Obtained from the pulp of coconut flesh, coconut flour is a great way to lower gluten intake, so feel guilt-free when snacking on these tasty little Coconut Cakes and sharing them with friends. A great summery treat, these cute cakes can be made into party treats with a bit of decoration, or left simple and rustic with just a sprinkling of flakes on top. Bake until an alluring golden brown hue and pack a few extra into the kids’ lunchboxes to divide among lucky school friends.

Encapsulating the enthusiasm of an Italian lifestyle, The Vegetarian Italian Kitchen is an easy and convenient guide to keep nearby, whether flipping through day-by-day or using as inspiration for a week’s cooking ahead. Find something the whole family can enjoy, or create a sneaky treat to hide up and away from arm’s reach - the choice is yours with this delightful collection.

By Annabel Rainsford.  

Recipes and images from the Vegetarian Italian Kitchen by Veronica Lavenia, published by New Holland Publishers Australia, RRP $40.00.  

A Riesling to Cellar for 20 Years

By David Ellis from vintnews 


We’ve long sung the praises of Merlot as a wine that goes so well with such a diversity of dining options, and one we had a few glasses of recently simply further fortified our love of this oh-so-enjoyable little drop. 


Focus of that recent attention was a 2013 Weemala label from Logan Wines in NSW’s Central Ranges, and made up of 60% fruit from the company’s vineyards at Orange that gave it its juicy blueberry flavours, and the remaining 40% from Mudgee that added nice suggestions of boysenberry fruit to the glass.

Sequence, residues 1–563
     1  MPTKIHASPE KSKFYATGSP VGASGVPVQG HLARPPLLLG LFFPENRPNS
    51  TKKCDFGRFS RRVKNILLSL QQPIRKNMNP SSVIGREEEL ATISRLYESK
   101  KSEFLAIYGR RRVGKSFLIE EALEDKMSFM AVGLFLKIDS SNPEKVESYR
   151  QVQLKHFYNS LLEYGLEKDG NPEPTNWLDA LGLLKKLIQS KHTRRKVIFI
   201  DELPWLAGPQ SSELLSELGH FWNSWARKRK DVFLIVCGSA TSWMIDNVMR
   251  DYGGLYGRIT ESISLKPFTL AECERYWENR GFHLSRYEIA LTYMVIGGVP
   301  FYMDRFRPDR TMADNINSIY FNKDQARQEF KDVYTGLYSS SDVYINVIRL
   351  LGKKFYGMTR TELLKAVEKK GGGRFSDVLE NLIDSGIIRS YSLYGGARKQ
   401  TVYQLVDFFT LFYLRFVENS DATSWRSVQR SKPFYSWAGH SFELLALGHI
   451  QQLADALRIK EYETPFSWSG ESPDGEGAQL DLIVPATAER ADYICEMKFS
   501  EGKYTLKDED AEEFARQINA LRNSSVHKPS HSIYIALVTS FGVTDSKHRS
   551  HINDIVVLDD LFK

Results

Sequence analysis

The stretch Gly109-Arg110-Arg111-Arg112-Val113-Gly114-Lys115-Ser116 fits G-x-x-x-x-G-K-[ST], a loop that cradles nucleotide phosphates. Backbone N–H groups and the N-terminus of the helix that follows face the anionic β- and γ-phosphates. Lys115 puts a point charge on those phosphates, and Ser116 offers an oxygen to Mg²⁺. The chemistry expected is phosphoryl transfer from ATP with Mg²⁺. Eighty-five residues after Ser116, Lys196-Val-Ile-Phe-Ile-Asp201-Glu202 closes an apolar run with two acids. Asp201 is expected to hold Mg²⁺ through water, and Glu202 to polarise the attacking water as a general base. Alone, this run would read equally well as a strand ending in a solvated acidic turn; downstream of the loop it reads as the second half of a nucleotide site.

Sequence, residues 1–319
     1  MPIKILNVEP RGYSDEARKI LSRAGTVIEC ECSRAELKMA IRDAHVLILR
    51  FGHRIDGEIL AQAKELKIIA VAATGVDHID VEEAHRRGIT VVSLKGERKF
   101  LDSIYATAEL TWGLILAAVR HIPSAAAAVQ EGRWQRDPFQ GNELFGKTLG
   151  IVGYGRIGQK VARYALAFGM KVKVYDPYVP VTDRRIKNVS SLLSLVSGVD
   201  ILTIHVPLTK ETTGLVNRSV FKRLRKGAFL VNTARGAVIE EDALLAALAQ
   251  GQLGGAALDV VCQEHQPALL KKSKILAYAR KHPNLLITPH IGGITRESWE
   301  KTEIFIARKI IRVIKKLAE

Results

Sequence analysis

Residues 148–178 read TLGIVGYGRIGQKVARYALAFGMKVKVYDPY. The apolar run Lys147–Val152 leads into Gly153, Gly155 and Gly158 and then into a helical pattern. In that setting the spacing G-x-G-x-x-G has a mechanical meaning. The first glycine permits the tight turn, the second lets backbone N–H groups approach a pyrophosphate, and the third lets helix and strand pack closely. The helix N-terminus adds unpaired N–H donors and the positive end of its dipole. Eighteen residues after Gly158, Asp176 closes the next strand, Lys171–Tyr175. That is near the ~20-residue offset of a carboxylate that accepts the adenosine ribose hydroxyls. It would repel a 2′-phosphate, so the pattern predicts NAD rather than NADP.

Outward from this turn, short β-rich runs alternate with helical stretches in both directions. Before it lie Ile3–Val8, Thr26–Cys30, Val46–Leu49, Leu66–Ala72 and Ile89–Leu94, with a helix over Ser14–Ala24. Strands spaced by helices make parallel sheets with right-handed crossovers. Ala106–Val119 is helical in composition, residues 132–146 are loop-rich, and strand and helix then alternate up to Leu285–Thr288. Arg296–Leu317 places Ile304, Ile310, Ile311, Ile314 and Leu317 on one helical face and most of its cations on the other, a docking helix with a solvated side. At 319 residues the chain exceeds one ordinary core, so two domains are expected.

Owner and senior winemaker, Peter Logan says he pruned developing fruit bunches early in the growing season to keep yields per vine low, being a firm believer that Merlot is one of those varietals that does not like being overcropped. “2013 was an ideal vintage in the Central Ranges for red wines generally,” he says. 


“Being sunny and marginally warmer than average with no excess rain, after what we’d had to do in the vineyards it resulted in full-flavoured fruit with ripe tannins – so that the wine essentially made itself out there in those vineyards.” 


With those nice soft, yet juicy blueberry and boysenberry characters, this is a lovely drop to enjoy with quite a diverse range of foods from roast pork loin, to even salmon or a lighter-style lamb-based shepherd’s pie on a winter’s night – and the more so with its $19.95 price tag. 


One to note: Tim Adams believes that Rieslings from the Clare Valley are most enjoyable when drunk young and zesty, or alternatively left until they’ve had five years or more in the bottle to develop almost-trademark complex toasty honey and bloom characters. 


While we’re suggesting that, a 2010 Clare Valley Reserve Riesling that Tim’s just released is a wonderful drop to buy-now and enjoy-now, we’re also right behind him when he says that here’s one that’s worth tucking away in ideal conditions to enjoy in anything up to 20 years down the track – yes, that’s around mid-2036. But if that’s too far away, pay $29 now and enjoy with fresh-shucked oysters or other seafood.



Top Spots in the Snowy Mountains

The Australian Ski Season is nearly upon us! Some of the most popular areas for skiing and all things snow in Australia are Perisher and Thredbo, however Falls Creek,  Mt BullerCharlotte Pass, and Mt Hotham are also favourites. 

To help your decision on where to go this ski season, we have picked out a few of our favourites in the Snowy Mountains: